What My Brush with Testicular Cancer Taught Me...
Control Is an Illusion (sort of)
A health crisis for a Health Coach. Needless to say, I put a good bit of effort into maintaining a lifestyle that’s healthy in every sense of the word.
So while I know things just happen sometimes, I’d be lying if I said that the doctor telling me I had testicular cancer didn’t punch me in the gut. My wife, Carissa, and I still haven’t completely gotten over the shock.
Here’s the BRUTAL truth for those of us trying to optimize all the different areas of our lives. We DON’T fully control all these things.
I did my best. I ate well. I exercised. I nurtured my mind, my relationships, and my spirit. But the horrible thing still happened.
The key is that it didn’t mean none of my hard work mattered, that I should now say “What’s the point?” and stop living this way. One of the most dangerous choices we can make after confronting life’s blows is related to how we move forward. We can either see our striving as irrelevant, or we let it fuel us to strive even more so that we are always doing our part to make life the best it can be.
This felt like a tragedy in many ways, but tragedies don’t necessarily have to descend into the seventh layer of Dante’s Inferno.
Not Everything Is Rational
I asked my wife “Why is my body trying to kill me?” as my mind spun with questions about how this was happening.
It was pretty tough not to feel like I did something to bring this upon myself and my family. Cue the blame, shame and guilt.
You know that thing we do where we analyze something into the ground? That’s called rationality.
It’s a tool that serves a high order function in our lives in our modern society and undergirds science. But, in many ways, the success of using a tool like rationality has made us blind to the limits of rationality.
This is blatantly evident in the fact that we are spinning on a ball of rock moving 800 miles per second. Around an incomprehensibly ginormous ball of fire. In a galaxy among billions of galaxies in the known sky.
Still feeling like we should make sense of all things purely with these little brains? Me either.
It’s natural for the brain to start crunching the data when something stressful arises. The trick is to notice that and decide when it’s time to put that tool down. It sure helped me.
Slow Down + Focus on What Matters
This sort of event had the peculiar effect of slamming the brakes on busyness with what I thought mattered.
Whatever you want requires life. If you don’t have life, all at once everything else you care about is irrelevant. And life without health doesn’t yield much life.
Health is a resource for living – for the attainment of goals and the achievement of aspirations. These aren’t even my words. That’s actually how the World Health Organization has defined it.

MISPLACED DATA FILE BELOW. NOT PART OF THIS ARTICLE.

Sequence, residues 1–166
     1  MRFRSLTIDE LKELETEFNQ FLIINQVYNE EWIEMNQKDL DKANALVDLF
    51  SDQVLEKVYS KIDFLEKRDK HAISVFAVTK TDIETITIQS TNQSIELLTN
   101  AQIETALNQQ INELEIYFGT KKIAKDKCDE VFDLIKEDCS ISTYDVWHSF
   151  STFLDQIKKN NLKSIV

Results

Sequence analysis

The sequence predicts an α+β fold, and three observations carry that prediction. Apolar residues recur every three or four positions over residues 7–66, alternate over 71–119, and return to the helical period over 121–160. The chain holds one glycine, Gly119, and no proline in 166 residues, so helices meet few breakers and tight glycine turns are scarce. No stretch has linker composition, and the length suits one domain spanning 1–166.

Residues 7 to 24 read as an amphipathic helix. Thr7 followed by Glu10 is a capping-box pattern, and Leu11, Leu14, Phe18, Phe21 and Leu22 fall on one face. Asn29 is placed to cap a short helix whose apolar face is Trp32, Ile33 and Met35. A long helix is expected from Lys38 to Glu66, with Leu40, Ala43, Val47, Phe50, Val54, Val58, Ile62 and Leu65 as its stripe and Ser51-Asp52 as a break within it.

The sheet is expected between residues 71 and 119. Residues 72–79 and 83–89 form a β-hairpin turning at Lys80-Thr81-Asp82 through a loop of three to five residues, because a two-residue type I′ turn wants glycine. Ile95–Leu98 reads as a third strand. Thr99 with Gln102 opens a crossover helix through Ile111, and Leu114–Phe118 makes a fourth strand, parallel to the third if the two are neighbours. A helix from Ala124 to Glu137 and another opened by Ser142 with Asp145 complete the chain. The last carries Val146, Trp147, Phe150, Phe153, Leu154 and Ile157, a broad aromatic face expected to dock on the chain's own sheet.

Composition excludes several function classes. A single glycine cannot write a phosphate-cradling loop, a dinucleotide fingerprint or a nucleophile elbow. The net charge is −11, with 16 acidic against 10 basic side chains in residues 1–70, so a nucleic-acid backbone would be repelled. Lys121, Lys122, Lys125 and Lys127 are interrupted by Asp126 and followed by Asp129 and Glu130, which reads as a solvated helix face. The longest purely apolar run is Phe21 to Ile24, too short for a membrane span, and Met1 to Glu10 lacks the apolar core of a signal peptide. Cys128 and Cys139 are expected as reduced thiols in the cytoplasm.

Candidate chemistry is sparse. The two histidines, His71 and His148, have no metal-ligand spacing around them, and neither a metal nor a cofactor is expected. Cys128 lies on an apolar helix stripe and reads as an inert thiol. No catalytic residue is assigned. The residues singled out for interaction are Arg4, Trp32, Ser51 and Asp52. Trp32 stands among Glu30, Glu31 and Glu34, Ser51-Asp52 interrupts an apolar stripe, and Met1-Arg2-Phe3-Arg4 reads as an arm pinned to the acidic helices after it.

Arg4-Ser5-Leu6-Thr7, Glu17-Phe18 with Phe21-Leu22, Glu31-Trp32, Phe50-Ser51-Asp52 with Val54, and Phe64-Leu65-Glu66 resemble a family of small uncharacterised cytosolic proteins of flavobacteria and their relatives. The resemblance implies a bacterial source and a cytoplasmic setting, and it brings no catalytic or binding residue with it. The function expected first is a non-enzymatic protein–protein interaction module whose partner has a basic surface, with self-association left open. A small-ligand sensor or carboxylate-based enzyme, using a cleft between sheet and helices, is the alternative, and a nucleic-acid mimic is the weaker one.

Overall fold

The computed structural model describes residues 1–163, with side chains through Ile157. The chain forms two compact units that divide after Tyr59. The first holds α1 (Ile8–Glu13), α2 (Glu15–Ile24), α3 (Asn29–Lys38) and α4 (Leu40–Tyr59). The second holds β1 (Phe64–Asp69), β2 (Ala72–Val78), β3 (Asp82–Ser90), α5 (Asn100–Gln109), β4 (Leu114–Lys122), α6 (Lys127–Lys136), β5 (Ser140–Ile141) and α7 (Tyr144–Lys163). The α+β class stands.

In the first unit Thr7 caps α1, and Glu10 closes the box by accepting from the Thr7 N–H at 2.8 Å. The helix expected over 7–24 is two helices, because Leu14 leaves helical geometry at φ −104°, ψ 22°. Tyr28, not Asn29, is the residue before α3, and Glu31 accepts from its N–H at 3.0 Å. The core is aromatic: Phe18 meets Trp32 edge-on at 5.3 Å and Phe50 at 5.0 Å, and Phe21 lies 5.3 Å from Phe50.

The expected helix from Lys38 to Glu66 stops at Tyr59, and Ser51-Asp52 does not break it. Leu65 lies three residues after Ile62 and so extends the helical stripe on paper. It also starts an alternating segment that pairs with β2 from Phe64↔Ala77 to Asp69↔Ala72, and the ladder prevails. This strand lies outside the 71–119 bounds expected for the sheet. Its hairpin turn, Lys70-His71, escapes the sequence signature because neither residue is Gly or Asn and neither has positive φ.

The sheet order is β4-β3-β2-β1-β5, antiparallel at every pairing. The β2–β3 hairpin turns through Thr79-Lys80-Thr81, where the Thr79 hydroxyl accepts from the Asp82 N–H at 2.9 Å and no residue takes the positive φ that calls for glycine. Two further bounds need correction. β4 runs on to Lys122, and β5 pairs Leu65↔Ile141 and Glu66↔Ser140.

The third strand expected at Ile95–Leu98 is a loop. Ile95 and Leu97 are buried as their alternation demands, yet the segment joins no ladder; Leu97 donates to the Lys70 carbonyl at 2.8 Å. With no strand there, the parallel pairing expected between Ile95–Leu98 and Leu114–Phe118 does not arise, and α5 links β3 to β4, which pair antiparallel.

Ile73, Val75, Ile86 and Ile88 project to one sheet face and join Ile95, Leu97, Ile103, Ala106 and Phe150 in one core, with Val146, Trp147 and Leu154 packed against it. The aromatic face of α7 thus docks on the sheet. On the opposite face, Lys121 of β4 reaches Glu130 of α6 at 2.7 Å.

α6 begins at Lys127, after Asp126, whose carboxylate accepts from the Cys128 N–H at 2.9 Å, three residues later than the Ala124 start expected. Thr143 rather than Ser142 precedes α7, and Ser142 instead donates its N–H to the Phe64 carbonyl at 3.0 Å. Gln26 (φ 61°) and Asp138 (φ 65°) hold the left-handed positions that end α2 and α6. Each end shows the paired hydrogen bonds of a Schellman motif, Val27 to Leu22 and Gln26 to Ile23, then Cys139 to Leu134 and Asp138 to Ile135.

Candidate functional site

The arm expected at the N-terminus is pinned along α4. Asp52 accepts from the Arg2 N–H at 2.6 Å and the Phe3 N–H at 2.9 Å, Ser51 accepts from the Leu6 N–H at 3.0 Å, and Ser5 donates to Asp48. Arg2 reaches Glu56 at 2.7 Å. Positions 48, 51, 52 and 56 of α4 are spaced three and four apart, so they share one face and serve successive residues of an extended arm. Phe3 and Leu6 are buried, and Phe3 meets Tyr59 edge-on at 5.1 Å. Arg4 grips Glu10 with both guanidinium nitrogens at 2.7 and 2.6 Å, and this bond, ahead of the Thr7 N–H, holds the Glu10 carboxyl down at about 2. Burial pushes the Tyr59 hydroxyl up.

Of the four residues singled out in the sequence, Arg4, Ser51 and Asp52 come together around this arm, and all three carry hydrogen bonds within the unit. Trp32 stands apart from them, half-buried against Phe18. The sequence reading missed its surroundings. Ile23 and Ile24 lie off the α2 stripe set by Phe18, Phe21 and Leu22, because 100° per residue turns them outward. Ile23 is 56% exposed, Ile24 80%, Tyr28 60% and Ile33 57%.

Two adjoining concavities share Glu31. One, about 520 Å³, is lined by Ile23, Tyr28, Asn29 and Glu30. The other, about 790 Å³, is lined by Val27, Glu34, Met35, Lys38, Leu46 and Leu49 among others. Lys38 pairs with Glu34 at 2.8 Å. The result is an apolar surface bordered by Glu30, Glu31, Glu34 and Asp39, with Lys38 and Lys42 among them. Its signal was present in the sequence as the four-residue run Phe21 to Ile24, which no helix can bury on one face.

At the most basic level, what I truly wanted in my life was already there. To say it another way, sometimes what you are seeking is right in front of you, and it’s critical to not allow it to wither or go to waste as you chase other dreams.
Rest. Stop and snuggle your kids. Play with the dog. Leave your office to get some sun on your face. Call that friend. Eat the vegetables. Get more focused on your mission so your working hours are more impactful.
Live intentionally. It’s part of being healthy.
Wildfires Serve a Purpose
Humans are creatures of habit. This can work for us, or against us. We all know the feeling of getting stuck in a rut, regardless of how long it takes us to notice. When we have bad habits we repeat day in and day out, it’s like dead wood piling up on the forest floor. In nature, this dead wood is fuel for wildfire that then restores nutrition to the soil and helps the forest thrive in the long run.
The real danger is when the old wood is not burned off at an adequate frequency. If it piles up too high, then when lightning strikes there is so much fuel and the fire rages with such heat that the topsoil is burned to ash and the land now becomes barren, rather than conducive to growth.
Likewise, a stop-you-in-your-tracks type of event can help to zero in on habits (or other aspects of life) that are no longer benefitting you and prompt burning off the old stuff. Violently jolting you out of your routines (and ruts) prepares fertile ground for the creation of healthier new things.
As a friend recently reminded me, I don’t have to be Superman. I help people as my life’s work, and I’m proud to be the protector and provider for my family. Those things multiplied by time, which grooves habits deeper as they repeat, make it very uncomfortable to need others to take care of me.
Rather than framing my sudden need for support as weakness, I worked hard to embrace the love and care that was offered to me. The armor that served me well for many years as I sucked it up and got back out there again and again was penetrable, which should not come as a surprise since I’m a person, too.
So I’ll give help generously, and receive it humbly when it’s offered back.
After all, we’re one big team in this game of life.